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Bird flu spreads further in Asia

Three Asian nations reported new outbreaks of bird flu in poultry on Thursday, a day after health experts unveiled a $1 billion global plan to halt the spread of the deadly virus.
/ Source: Reuters

Three Asian nations reported new outbreaks of bird flu in poultry on Thursday, a day after health experts unveiled a $1 billion global plan to halt the spread of the deadly virus.

China, Vietnam and Thailand said they had more outbreaks as the region heads into the northern winter, when the H5N1 avian flu virus seems to thrive.

Vietnam, where the virus has killed 42 people, will send soldiers and police to help contain avian flu. Agriculture Minister Cao Duc Phat urged provincial authorities to do more.

“We must launch a campaign to build each hamlet, each commune into a stronghold for fighting the epidemic,” Phat was quoted as saying in Nong Nghiep Vietnam, a newspaper run by his ministry.

“In an emergency, the army will be deployed to isolate the infected area,” he said.

Adding to the unease, the sudden death of a flock of ducks also suggested a more virulent strain was at work, another Vietnamese official said.

A highly pathogenic form of the H5N1 virus is endemic in poultry across Asia, where it is known to have infected 124 people and killed 64. Indonesia reported another death on Wednesday, but the cause is still subject to final test results.

The virus has been found in birds in eastern Europe and there are fears migrating flocks could take it to the Middle East and Africa.

Experts fear H5N1 could mutate into a form that passes easily among people, just like human influenza. If it does, millions could die because they would have no immunity.

Rapid response promised
Chinese state media reported two new outbreaks in poultry in the northeast, bringing the total number of outbreaks to six since the start of last month. Thailand said tests confirmed the presence of H5N1 in two provinces next to the capital Bangkok, a city of 10 million people.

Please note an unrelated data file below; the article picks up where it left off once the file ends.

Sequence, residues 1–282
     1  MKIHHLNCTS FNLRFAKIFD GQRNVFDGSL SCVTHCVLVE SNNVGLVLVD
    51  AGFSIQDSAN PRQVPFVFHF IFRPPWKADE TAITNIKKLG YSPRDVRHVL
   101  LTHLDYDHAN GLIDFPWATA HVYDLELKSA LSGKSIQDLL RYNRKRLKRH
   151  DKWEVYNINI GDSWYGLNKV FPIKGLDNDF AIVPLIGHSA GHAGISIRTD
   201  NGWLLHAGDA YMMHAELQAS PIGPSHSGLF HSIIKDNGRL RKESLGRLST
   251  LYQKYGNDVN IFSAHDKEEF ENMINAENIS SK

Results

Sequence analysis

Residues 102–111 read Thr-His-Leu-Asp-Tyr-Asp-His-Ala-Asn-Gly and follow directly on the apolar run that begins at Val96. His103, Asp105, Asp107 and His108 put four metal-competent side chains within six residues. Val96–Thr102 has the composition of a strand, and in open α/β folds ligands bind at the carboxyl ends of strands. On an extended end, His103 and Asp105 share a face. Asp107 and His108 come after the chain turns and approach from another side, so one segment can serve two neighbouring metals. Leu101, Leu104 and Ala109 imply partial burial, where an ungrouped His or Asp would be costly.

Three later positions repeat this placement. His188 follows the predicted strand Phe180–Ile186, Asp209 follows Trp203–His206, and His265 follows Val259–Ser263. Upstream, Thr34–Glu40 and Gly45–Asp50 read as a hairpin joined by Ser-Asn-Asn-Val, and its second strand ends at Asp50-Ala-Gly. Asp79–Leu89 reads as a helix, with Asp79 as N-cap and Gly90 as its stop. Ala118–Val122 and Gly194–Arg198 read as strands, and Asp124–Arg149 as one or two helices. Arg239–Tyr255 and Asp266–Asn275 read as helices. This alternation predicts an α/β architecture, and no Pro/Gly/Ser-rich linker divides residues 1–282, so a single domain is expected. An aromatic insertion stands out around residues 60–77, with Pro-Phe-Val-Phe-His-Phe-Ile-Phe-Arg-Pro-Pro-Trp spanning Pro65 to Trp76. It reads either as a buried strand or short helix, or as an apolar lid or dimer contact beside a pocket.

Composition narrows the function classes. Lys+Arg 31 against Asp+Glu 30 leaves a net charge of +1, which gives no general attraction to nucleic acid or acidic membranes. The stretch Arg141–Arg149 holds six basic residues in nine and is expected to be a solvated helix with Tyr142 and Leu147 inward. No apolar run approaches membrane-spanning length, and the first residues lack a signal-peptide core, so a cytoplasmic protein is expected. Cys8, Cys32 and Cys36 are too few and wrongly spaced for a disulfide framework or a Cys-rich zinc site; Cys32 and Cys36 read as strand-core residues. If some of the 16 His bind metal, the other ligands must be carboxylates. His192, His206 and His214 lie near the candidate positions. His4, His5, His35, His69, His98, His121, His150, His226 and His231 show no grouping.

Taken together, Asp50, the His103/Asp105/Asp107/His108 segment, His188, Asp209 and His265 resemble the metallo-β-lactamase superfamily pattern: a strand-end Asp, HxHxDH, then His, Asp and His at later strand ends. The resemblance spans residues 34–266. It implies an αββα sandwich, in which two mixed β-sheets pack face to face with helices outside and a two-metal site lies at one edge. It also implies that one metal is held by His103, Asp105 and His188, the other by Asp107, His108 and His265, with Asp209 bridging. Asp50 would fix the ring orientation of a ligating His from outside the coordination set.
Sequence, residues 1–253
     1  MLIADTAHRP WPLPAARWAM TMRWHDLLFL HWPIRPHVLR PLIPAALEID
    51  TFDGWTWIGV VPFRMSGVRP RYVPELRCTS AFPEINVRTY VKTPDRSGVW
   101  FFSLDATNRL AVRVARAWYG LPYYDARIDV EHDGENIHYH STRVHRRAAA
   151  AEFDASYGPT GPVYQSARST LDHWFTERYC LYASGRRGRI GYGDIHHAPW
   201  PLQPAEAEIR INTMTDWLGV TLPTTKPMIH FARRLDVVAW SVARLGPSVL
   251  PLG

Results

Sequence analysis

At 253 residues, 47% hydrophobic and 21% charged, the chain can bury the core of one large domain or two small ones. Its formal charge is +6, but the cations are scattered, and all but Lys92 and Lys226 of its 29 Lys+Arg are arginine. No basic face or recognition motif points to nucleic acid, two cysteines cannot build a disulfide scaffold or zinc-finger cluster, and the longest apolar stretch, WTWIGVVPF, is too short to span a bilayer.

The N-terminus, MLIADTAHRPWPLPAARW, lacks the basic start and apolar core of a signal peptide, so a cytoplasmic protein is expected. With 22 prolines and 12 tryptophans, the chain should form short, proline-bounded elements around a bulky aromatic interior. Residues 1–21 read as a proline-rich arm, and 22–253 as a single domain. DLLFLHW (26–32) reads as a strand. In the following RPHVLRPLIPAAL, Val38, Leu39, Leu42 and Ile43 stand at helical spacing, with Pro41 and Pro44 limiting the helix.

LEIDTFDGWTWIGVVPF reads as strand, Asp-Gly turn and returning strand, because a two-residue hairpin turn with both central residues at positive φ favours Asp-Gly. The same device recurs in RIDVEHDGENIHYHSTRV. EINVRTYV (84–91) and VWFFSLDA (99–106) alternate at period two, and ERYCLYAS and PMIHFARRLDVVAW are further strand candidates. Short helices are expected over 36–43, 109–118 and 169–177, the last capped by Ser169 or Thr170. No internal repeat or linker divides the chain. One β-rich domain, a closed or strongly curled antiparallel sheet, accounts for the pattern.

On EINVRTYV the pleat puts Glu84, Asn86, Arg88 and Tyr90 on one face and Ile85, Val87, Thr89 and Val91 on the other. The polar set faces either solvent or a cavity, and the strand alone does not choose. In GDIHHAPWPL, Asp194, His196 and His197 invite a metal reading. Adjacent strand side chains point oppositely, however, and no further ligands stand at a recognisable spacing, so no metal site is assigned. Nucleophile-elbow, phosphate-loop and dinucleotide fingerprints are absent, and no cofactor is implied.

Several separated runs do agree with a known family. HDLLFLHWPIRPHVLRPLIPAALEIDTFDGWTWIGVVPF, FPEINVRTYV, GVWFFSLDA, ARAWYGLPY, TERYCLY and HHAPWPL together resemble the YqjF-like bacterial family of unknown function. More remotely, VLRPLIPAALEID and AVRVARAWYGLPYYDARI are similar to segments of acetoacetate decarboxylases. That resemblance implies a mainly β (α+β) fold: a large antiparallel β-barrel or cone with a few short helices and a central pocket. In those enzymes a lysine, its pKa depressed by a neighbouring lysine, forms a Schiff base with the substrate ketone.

Health and veterinary officials from around the globe announced a strategy on Wednesday aimed at rooting out bird flu among poultry and stopping it from spawning a pandemic.

“What is important to me is there has been consensus and clarity, (and) much better coordination. We’ll be much quicker to control avian influenza as a result,” David Nabarro, the U.N.’s chief bird flu coordinator, told reporters after the meeting at the World Health Organisation in Geneva.

The strategy aims to bolster early warning systems, strengthen veterinary services, make it easier for rich and poor nations alike to get antiviral drugs and step up research into pandemic vaccines.

Hungarian rehearsal
Hungary gassed around 200 chickens on Thursday in a rehearsal of its the ability to deal with an outbreak of bird flu, which has been spread to neighbours Romania and Croatia by migrating flocks.

An outbreak would trigger the gassing of infected flocks and could cost hundreds of millions of dollars in compensation if it is not contained, according to the plan.

“It is the economic damage that would be huge here,” Hungary’s Chief Veterinarian Miklos Suth told Reuters.

Italy has found a form of the H5N1 virus in a wild duck, but the Health Ministry said on Thursday it was not dangerous and bore no relation to the strain of  Asian avian influenza.

The H5N1 virus was identified on Wednesday in a testing centre in northern Italy, the health ministry said. It added the virus was genetically similar to strains frequently found among wild waterfowl in Europe, and not highly pathogenic.

“There is no alarm. There is no new concern,” ministry official Elisabetta Alberti Casellati said.